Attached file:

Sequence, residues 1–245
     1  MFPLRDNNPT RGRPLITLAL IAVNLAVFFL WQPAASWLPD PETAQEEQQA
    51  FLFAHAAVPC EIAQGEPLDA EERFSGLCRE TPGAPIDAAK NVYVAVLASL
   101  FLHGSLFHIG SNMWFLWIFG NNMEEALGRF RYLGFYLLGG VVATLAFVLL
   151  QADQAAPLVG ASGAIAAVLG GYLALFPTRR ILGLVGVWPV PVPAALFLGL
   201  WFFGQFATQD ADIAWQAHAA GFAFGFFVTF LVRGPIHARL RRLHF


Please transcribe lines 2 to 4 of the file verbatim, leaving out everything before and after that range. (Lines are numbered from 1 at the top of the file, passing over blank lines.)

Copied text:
     1  MFPLRDNNPT RGRPLITLAL IAVNLAVFFL WQPAASWLPD PETAQEEQQA
    51  FLFAHAAVPC EIAQGEPLDA EERFSGLCRE TPGAPIDAAK NVYVAVLASL
   101  FLHGSLFHIG SNMWFLWIFG NNMEEALGRF RYLGFYLLGG VVATLAFVLL